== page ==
Amazing 1881 Newfoundland $2 Gold High Grade and Scarce. R32
Widely recognized as very underpriced in catalogues. At a recent Canadian show , I noted that amongst 50 dealers and ,millions of dollars in product , not one NFLD gold coin was available on the floor.
Prior to Canadian confederation in 1867, provinces and colonies had separate currencies. Having been a colony from its founding in 1610 until 1907, and then a dominion prior to joining Canada, Newfoundland had its own currency, the Newfoundland dollar, until 1949. Newfoundland began to issue its own decimal currency in 1865. The original plans for the new Newfoundland coinage suggested including a gold dollar. Over concerns that it would be easily lost as a result of its small size and value, the denomination of the gold coin was increased to two dollars.
The resulting two-dollar coin had a diameter of 17.98 mm, the same as the ten-cent coin—in comparison, a modern Canadian dime has a diameter of 18.03 mm. The obverse design had Queen Victoria. There was one principal portrait of Victoria, but a different one was used in 1865 and 1870, and a third one was used in 1882 and 1888. The reverse was notable in that three equivalent denominations were indicated: 2 dollars, 200 cents, and 100 pence. The third value was the equivalent in sterling.
Issued in various years between 1865 and 1888, few two-dollar coins were struck. With the exception of the 1882 issue, struck at the Heaton Mint and bearing the mint mark “H”, all of the coins were minted in London.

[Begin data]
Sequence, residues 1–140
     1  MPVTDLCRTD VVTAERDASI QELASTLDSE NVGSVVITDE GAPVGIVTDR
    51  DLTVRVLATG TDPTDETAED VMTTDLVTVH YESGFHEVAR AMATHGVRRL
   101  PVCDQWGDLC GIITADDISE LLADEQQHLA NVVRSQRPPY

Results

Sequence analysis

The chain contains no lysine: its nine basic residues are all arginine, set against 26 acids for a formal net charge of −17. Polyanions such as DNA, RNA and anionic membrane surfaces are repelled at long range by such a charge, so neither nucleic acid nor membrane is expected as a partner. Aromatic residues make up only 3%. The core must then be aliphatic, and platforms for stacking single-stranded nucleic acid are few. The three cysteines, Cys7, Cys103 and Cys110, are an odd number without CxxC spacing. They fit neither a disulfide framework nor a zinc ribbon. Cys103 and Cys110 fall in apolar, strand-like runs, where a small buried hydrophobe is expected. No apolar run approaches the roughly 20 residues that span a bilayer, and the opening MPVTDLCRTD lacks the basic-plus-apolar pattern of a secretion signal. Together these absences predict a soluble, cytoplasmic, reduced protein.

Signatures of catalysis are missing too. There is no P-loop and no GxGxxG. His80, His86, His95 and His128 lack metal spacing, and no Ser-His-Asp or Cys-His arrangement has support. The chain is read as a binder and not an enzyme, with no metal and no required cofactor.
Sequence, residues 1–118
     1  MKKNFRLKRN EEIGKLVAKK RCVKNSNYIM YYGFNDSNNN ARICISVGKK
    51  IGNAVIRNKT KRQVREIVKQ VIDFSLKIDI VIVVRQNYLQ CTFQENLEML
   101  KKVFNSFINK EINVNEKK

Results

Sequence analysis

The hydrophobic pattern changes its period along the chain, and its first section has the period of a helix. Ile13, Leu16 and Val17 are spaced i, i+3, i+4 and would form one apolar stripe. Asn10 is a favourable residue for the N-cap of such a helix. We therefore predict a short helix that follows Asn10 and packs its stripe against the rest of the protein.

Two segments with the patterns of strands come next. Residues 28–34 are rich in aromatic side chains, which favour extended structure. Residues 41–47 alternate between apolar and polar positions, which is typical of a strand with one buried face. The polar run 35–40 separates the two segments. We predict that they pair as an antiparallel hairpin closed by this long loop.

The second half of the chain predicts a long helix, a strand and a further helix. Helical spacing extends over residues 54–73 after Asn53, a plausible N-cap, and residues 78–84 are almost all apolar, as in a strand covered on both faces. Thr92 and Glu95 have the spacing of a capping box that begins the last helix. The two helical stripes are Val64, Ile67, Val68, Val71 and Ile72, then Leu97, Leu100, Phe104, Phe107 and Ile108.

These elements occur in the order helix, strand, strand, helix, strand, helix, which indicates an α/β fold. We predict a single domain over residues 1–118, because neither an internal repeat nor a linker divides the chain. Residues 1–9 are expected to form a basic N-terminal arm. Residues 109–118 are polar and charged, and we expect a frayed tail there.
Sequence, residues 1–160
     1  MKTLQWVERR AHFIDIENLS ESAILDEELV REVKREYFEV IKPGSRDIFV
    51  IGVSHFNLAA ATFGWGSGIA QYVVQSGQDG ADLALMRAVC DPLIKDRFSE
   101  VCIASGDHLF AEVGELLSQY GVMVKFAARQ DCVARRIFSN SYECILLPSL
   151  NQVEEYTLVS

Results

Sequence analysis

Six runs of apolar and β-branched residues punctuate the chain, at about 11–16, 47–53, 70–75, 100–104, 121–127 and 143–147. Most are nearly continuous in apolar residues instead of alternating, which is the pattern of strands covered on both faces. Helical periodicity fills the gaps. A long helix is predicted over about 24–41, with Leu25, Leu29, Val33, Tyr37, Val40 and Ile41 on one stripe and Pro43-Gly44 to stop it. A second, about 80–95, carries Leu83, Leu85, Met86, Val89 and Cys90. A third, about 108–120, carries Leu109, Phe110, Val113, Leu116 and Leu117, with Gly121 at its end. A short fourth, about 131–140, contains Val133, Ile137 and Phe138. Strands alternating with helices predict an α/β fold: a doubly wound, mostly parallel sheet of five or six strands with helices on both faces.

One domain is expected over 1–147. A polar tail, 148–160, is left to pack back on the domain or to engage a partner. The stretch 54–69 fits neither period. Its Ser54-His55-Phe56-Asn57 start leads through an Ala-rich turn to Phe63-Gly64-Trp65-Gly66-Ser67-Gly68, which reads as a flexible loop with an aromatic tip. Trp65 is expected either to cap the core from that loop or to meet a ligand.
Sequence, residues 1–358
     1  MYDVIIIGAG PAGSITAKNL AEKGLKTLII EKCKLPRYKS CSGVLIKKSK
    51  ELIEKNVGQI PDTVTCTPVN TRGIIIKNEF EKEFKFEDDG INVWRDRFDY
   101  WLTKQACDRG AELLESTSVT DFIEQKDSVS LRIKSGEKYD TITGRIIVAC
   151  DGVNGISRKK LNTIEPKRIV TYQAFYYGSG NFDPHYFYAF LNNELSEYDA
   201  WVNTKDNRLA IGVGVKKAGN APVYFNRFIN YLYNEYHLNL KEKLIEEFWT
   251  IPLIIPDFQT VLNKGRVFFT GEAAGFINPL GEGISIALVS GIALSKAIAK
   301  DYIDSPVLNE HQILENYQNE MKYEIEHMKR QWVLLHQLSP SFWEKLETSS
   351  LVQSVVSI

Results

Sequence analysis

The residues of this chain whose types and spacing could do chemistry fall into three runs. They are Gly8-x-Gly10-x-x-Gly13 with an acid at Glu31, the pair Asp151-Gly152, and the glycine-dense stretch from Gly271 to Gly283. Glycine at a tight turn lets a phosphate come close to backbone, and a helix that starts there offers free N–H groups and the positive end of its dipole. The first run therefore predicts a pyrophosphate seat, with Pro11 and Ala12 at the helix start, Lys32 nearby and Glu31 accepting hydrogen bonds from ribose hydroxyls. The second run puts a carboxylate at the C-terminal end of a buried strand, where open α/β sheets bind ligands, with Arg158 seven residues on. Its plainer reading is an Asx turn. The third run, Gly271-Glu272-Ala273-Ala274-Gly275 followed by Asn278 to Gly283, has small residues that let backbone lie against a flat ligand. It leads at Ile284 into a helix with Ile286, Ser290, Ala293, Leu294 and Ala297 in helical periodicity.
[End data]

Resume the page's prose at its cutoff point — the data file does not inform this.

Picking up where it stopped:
Newfoundland’s two dollar coin was broadly used not only in Newfoundland, but also in Eastern Canada in general. The supply of the coins “virtually disappeared” in 1894, when Newfoundland’s banks and monetary system collapsed. With paper banknotes being distrusted, the gold coins were hoarded, as well as two next-highest Newfoundland denominations, the silver 50-cent and 20-cent pieces.
With its two-dollar coin, Newfoundland became the only British colony to issue circulating gold coinage apart from Sydney Mint which issued Australian sovereigns from 1855 onwards. Gold coinage was used in Canada and other British domains. For example, in the late 18th and early 19th centuries, common gold coins included coins from Portugal, British guineas or sovereigns, French louis d’or, American eagles, Spanish doubloons, and coins related to the eagles or doubloons. Canada issued circulation five-dollar and ten-dollar gold coins between 1912 and 1914, which were discontinued because of World War I. At the time, Canada was a Dominion. Newfoundland’s 2-dollar coin is remarkable in that was issued by the colony itself, not having yet gained independence. While other contemporary British colonies (e.g. the British Raj) had gold coinage, Newfoundland was under responsible government; in the context of Canada, that resulted in Newfoundland being a self-governing colony, free to make its own decisions on internal matters, such as coinage, independently of the UK government.
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